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Is Grammy Award-nominated Skrillex worth the hype?

The celebrated DJ and Best New Artist nominee played XS’s third-anniversary party at Encore on Monday night


Erik Kabik/

The third anniversary of XS in the Encore with DJ Skrillex, pictured here with managing partner Jesse Waits, on Monday, Feb. 6, 2012.

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Skrillex at XS

Kramer on Skrillex

It’s approaching 3 a.m. on the Monday night/Tuesday morning of XS’s third-anniversary party, and the scene is more or less what you might see on any given night at the mega-club: VIPs pop champagne bottles the size of small children, glow sticks abound, and confetti showers the packed dance floor. And then a mosh pit breaks out.

So maybe it’s not your average night at XS -- or any Las Vegas nightclub, for that matter. Behind the turntables is 23-year-old DJ wunderkind Skrillex. He’s different. The L.A.-native born Sonny Moore is not the hair-gelled, ambiguously accented DJ who parties with models into the wee hours (never mind the rumors linking him to Las Vegas sweetheart Holly Madison).

He’s pale, pierced and notoriously shy, with thick Sabre glasses and a shock of black hair that’s shaved on one side. Before he sold out 3,000-seat venues as Skrillex, he fronted the popular emo band From First to Last. His fans are Las Vegas clubbers and angsty, devoted teens. And he’s the first DJ to be nominated for a Grammy Award for Best New Artist (in fact, he has five nominations).

Should you believe the hype? It’s an interesting debate. It’s no secret that Grammy nods have been less about talent than recognizing an artist’s mainstream appeal (see: Milli Vanilli and Justin Bieber). And like New Wave in the 1980s and folk rock in the 1990s, EDM is just the latest musical trend to flavor the sound of pop music. Its variations can be heard in the latest chart-toppers from artists like Rihanna, Britney Spears and Usher. In that sense, it’s no surprise that the Recording Academy is giving a token nod to the genre this year.

So why Skrillex? The simple answer is that he’s one of the few new artists to emerge on the EDM scene this year. Others DJs currently enjoying similar success, like Kaskade and David Guetta, are already several albums deep into their discographies and have been wooing crowds in Europe for years. Another reason might be that the type of EDM Skrillex caters to -- dubstep, a melange of bass and rapid drum beats programmed in such a way that it sounds slow and arrhythmic -- is relatively new. Or it could simply be that Skrillex is one of the few DJs to put out an album of original songs rather than remixes and collaborations.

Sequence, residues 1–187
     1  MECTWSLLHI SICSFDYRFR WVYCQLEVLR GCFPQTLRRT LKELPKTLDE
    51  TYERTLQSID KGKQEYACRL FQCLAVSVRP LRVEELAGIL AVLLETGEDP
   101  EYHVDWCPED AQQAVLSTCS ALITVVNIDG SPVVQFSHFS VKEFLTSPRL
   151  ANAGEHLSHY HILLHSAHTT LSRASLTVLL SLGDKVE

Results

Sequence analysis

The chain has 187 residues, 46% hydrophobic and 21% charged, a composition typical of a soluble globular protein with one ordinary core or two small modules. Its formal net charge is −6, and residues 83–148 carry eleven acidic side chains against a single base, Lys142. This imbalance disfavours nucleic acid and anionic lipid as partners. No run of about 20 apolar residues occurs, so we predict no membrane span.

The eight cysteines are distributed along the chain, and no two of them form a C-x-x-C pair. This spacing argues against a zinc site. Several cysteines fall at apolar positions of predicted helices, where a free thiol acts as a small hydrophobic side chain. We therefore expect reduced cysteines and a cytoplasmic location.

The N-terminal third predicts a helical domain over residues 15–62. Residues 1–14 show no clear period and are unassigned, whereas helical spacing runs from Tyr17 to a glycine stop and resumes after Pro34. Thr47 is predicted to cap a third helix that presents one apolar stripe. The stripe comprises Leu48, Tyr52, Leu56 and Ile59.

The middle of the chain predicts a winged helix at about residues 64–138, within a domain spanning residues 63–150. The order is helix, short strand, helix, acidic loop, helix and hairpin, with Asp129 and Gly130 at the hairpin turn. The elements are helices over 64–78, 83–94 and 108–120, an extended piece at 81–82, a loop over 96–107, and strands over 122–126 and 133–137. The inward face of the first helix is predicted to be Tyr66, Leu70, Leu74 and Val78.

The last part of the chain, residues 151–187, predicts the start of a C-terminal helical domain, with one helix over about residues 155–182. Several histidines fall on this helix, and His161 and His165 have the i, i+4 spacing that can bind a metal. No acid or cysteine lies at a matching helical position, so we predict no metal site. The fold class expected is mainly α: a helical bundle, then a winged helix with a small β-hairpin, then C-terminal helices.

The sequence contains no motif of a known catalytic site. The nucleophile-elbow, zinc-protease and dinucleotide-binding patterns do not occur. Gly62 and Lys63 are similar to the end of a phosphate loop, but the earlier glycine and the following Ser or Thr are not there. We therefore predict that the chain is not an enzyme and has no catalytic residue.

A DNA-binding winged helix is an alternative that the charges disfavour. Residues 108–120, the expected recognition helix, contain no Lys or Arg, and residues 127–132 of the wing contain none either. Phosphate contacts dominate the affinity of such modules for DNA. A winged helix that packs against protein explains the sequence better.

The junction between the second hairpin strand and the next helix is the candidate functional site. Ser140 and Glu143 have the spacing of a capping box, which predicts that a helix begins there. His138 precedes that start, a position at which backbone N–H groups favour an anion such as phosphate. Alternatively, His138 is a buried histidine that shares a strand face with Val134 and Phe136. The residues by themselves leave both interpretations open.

But Monday night at XS suggested that he’s more innovative than being at the right place at the right time. There’s something magnetic about the kid -- even during the boozy celebration, there were as many people standing, turned toward the DJ booth and singing along to his tracks as there were those dancing obliviously on the floor. The show itself superseded a DJ’s normal strobe-and-DJ-booth setup, incorporating Skrillex’s much-hyped (though underwhelming) high-tech 3D visuals, which artists like Tiesto have begun borrowing.

Unlike his compatriots, you won’t hear Skrillex on the radio (unless it's XM). You won’t see him collaborating with a pop star (though he did recently collaborate with the Doors). But he has gone viral. Unlike Tiesto, Kaskade and others, Skrillex’s fans are focused less on the nightlife/club scene than they are on Skrillex himself. The Internet reveals a boyband-esque devotion to the DJ: There’s endless fan fiction, classical covers of his songs and entire Tumblr blogs devoted to fans who dress up as him. They make porn about him; they call him God.

Still, at the risk of sounding like someone’s parent, it’s hard to understand what it is about Skrillex’s music itself that’s earned him accolades from the Grammys and fans alike. It’s not catchy; it’s not nuanced; it’s certainly not danceable (dubstep in fact prides itself on being decidedly un-danceable, though fans manage to do it anyway). It’s warped; it’s erratic; it’s a dizzying sonic vertigo that lacks any kind of conventional narrative or emotion.

But it is intense, and its heavy, screeching bass lines borrow more than a little bit from Skrillex’s emo roots. It’s a dark, saturating sound that numbs the listener, and maybe that’s just the right fit for a generation weaned on the hyper-immediate, emotionally disconnected world of the Internet. It just happens to be palatable enough for the Las Vegas club scene, too.

Appropriately enough, Skrillex rounded out the night with a track featuring the chorus “You better believe there's something more." As far as his music goes, this jury’s still out -- let’s see what the Grammy judges decide this Sunday.

Follow Andrea Domanick on Twitter at @AndreaDomanick and fan her on Facebook at

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